Significantly increased extreme precipitation expected in Europe and North America from extratropical cyclones

Hawcroft, Matt and Walsh, Ella and Hodges, Kevin and Zappa, Giuseppe (2018) Significantly increased extreme precipitation expected in Europe and North America from extratropical cyclones. Environmental Research Letters, 13 (12 - Article 124006).

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Abstract

For the Northern Hemisphere extratropics, changes in the mid-latitude storm tracks are key to understanding the impacts of climate warming, but projections of their future location in current climate models are affected by large uncertainty. Here, we show that in spite of this uncertainty in the atmospheric circulation response to warming, by analysing the behaviour of the storms (or extratropical cyclones) themselves, projections of change in the number of the most intensely precipitating extratropical cyclones are substantial and consistent across models. In particular, we show large increases in the frequency of extreme extratropical cyclones (those above the present day 99th percentile of precipitation intensity) by the end of the century. In both Europe and North America, these intensely precipitating extratropical cyclones are projected to more than triple in number by the end of the century unless greenhouse gas emissions are mitigated. Such changes in extratropical cyclone behaviour may have major impacts on society given intensely precipitating extratropical cyclones are responsible for many large-scale flooding events, and associated severe economic losses, in these regions.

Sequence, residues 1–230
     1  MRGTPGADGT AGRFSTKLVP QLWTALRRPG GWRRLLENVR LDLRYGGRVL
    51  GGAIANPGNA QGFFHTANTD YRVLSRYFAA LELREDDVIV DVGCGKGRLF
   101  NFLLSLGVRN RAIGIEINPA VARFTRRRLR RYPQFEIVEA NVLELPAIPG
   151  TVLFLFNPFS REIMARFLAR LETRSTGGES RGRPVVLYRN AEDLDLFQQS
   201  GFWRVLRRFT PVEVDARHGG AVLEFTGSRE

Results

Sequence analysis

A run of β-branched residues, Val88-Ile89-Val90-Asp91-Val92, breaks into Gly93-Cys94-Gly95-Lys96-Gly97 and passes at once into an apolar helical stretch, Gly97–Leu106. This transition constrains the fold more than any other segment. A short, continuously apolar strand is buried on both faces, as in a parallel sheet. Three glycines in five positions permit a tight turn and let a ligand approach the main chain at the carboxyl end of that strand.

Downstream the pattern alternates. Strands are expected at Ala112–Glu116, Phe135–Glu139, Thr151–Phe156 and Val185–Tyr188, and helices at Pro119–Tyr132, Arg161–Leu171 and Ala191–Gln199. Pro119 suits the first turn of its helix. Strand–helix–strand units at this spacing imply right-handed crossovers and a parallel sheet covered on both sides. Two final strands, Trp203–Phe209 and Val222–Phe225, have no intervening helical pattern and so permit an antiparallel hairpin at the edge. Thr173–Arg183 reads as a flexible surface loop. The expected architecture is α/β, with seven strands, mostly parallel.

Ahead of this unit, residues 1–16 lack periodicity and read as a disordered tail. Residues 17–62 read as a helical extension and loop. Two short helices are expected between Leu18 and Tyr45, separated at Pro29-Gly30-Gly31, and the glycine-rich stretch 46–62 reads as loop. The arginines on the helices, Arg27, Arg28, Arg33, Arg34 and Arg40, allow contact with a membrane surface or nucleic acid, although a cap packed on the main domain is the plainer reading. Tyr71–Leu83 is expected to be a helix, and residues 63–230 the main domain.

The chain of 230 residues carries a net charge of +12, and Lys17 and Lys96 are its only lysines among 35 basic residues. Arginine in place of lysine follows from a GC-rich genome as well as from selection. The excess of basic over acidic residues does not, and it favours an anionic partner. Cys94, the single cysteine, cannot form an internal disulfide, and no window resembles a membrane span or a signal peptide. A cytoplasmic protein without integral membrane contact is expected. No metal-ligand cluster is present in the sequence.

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Item Type: Article (Commonwealth Reporting Category C)
Refereed: Yes
Item Status: Live Archive
Additional Information: © 2018 The Author(s). Original content from this work may be used under the terms of the Creative Commons Attribution 3.0 licence.
Faculty / Department / School: No Faculty
Date Deposited: 27 Feb 2019 04:46
Last Modified: 28 Feb 2019 04:26
Uncontrolled Keywords: climate; climate change; climate impacts; climate models; CMIP5; precipitation; gas emissions; greenhouse gases; losses; precipitation (chemical); precipitation (meteorology); storms; uncertainty analysis; atmospheric circulation; extratropical cyclones; extreme precipitation; Northern Hemispheres; precipitation intensity
Fields of Research : 04 Earth Sciences > 0401 Atmospheric Sciences > 040107 Meteorology
04 Earth Sciences > 0401 Atmospheric Sciences > 040105 Climatology (excl.Climate Change Processes)
Identification Number or DOI: 10.1088/1748-9326/aaed59
URI: http://eprints.usq.edu.au/id/eprint/35932

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